- Dr. C. William Wester, professor of medicine, co-director of the Global Health Pathway (VUMC Internal Medicine Residency) and associate director of Global Health Faculty Development, received significant funding from the CDC to extend national, provincial, district and health facility programming to control the HIV epidemic in Mozambique. Wester and his colleagues developed strategic areas that support the sustainable implementation of HIV and tuberculosis services delivered by Mozambique’s Ministry of Health in Zambézia province. The Avante program, developed by Vanderbilt University Medical Center and Friends in Global Health, supports 144 health facilities that serve more than 305,000 patients who are receiving life-saving combination antiretroviral therapy.
“The pioneering and collaborative spirit of our expert investigators and multi-disciplinary teams have made this achievement possible. However, our most significant impact cannot be measured by levels of research funding. Rather, as a team, we have improved and lengthened the lives of people diagnosed with diseases worldwide through the discoveries made possible by this extramural support,” said Jennifer Pietenpol, Benjamin F. Byrd Jr. Professor of Oncology and VUMC chief scientific and strategy officer. “In addition, generous philanthropic gifts over many years have provided, and will continue to provide, the seed and transformative funding to launch many of the projects that are now funded by federal, foundation, pharmaceutical and biotech sources.”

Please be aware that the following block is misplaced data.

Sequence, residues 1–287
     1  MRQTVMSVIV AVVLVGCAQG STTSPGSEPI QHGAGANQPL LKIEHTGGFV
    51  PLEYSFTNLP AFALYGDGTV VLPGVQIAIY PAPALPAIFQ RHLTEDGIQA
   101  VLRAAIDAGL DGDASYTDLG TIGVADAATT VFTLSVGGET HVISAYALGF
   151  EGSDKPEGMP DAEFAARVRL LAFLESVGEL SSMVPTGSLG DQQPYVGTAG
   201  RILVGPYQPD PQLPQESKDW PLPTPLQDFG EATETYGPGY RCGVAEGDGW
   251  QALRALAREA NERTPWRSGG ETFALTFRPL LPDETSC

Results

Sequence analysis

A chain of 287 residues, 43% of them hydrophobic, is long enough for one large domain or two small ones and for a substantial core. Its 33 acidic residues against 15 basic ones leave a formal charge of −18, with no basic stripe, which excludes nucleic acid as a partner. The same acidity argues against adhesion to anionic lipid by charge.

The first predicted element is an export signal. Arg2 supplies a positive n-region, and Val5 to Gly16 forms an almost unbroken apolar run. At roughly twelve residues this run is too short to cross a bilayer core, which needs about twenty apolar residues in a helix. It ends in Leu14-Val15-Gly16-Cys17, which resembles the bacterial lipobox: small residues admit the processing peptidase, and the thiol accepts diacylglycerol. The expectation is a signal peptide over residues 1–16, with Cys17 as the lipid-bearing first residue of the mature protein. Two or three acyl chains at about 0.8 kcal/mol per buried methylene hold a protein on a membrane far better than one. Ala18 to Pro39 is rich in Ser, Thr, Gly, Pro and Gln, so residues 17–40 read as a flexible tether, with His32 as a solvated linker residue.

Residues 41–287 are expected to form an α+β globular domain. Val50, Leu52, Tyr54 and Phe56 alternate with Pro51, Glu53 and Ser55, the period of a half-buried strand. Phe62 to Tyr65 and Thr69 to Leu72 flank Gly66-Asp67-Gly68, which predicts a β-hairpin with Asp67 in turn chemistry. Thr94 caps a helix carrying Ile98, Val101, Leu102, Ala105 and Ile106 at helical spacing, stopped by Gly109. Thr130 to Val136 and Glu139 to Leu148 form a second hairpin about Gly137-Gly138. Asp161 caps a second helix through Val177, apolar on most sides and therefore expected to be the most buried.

“Vanderbilt continues its climb to new heights year after year, powered by the path-breaking research by our faculty and trainees,” said Padma Raghavan, Vice Provost for Research and Professor of Computer Science. “We are proud of reaching this milestone and eager to see the impact from these projects across the university and our medical center.”